Employees are striving to be entrepreneurs

Author: PM Editorial | Date: 25 Nov 2015

New survey reveals that more than 60 per cent of workers would prefer to start their own business. What’s stopping them?

Employees across the Middle East are desperate to strike out on their own, according to a new survey on entrepreneurship conducted by Bayt.com in association with online market research company YouGov.
 
Staff across a range of countries and industries were polled – and in the UAE alone, 66 per cent of those questioned said they would like to be entrepreneurs, while 16 per cent had tried to start their own business at some point.
 
The 66 per cent figure was the same in Qatar, where 84 per cent of employees strongly agree or somewhat agree that entrepreneurs help in creating new jobs and 71 per cent say they benefit society by creating new products and services.
 
The results come as no surprise to entrepreneur Hazel Jackson, CEO of Dubai-based leadership training firm Biz-group. She appreciates the benefits of being a business owner: “You get to shape your life. But running your own business needs an initial question to be answered: Am I doing this to create a lifestyle business or to create a business beyond me? The former means your work/life balance is protected, you are going to build a business around your own skills and capabilities. The latter needs you to realise this is a journey of hard work and sacrifices. It can take over your life in order to create something that is sustainable and grows beyond you, and it’s extremely hard in the services or consulting sector. Regardless of your answer, you need to love the business you start. It must be a passion and something you genuinely believe will make a difference in people’s lives.”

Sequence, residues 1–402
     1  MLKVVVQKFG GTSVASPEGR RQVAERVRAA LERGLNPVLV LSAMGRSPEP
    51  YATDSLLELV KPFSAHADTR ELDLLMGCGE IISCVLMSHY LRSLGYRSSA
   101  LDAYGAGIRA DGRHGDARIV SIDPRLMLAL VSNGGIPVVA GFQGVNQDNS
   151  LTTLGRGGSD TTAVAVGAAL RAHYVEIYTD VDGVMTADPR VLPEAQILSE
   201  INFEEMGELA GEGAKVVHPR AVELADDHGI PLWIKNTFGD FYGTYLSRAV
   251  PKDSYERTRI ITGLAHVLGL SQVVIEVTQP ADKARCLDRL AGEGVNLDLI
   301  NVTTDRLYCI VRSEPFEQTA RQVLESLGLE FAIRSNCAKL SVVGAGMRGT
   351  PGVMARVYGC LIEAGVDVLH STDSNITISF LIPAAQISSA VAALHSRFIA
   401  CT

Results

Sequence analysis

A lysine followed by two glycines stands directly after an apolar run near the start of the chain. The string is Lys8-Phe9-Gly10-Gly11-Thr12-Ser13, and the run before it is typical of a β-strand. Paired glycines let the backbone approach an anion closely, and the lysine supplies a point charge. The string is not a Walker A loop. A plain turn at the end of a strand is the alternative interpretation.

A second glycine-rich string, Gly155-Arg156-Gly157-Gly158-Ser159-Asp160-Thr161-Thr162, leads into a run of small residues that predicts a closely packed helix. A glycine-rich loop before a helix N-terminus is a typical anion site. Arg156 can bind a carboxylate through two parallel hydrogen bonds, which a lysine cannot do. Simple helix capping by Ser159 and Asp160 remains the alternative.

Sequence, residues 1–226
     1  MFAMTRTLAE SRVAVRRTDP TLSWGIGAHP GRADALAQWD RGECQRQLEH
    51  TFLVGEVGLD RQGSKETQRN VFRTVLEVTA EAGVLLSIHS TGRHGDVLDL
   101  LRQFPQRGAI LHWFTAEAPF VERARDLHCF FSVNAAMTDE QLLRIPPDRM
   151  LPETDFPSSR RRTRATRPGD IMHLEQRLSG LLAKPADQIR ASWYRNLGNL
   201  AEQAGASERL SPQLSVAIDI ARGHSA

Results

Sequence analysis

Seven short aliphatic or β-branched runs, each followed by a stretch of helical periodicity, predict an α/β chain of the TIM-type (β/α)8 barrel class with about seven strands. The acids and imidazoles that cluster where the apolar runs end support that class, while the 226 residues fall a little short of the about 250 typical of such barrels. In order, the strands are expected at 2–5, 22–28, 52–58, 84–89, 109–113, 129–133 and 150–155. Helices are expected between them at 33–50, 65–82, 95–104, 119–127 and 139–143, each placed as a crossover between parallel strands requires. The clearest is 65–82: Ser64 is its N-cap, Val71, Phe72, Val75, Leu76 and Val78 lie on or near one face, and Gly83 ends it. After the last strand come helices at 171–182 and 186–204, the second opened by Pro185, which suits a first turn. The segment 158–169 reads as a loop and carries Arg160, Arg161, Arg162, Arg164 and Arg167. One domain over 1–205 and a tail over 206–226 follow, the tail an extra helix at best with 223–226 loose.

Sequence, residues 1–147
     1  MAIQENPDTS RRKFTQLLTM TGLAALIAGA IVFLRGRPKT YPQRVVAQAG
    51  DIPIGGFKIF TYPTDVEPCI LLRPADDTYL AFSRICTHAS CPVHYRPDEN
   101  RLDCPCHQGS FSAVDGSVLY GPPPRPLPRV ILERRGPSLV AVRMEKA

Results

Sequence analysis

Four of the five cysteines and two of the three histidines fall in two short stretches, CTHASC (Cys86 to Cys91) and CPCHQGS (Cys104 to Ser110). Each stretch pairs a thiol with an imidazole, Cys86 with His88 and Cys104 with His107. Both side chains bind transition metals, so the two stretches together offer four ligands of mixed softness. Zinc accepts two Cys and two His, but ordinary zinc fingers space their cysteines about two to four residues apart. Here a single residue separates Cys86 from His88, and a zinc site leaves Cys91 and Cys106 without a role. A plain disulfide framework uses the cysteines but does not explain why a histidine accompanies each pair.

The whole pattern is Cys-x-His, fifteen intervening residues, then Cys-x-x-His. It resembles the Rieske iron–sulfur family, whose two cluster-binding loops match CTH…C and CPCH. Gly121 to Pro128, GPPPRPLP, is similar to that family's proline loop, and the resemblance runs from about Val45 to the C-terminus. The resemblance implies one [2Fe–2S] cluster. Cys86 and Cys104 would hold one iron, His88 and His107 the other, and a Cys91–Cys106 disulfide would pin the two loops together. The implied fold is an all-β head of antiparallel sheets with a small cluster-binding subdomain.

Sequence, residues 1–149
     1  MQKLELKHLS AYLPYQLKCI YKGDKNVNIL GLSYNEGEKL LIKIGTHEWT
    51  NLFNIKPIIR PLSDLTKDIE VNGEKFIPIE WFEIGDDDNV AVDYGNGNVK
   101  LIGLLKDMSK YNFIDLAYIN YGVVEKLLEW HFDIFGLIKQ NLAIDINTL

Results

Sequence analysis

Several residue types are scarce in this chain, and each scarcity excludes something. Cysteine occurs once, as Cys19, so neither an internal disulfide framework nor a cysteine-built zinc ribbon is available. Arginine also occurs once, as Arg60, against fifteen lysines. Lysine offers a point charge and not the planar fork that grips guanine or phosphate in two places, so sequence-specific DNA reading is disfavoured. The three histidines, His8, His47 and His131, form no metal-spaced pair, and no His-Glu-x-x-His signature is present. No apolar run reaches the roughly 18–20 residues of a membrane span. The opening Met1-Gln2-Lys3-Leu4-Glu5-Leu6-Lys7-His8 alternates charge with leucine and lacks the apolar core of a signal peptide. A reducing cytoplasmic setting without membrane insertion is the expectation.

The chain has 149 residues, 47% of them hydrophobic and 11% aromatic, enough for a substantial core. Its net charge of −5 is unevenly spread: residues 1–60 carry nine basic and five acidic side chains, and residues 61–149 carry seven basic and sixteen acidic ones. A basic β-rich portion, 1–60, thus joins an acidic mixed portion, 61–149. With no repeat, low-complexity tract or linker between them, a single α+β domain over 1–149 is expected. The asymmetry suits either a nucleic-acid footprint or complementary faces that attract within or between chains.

Paula Statham, marketing and communications specialist at Creative Zone, the business set-up company, says: “The greatest obstacle setting up a business in the Middle East is the high incorporation costs. There are many common business set-up issues that tend to be magnified here, such as dealing with bureaucracy, paperwork and red tape, wait time on approvals, and unique language and customs.”
 
“More and more people across the Middle East and North Africa are looking at entrepreneurship options. Despite the challenges, our research indicates that entrepreneurship has become more popular than ever before,” says Elissavet Vraka, research manager at YouGov. “Encouraging more entrepreneurial ventures is beneficial in myriad ways to the economies of the region. Entrepreneurs contribute to a country’s GDP and help create job opportunities.”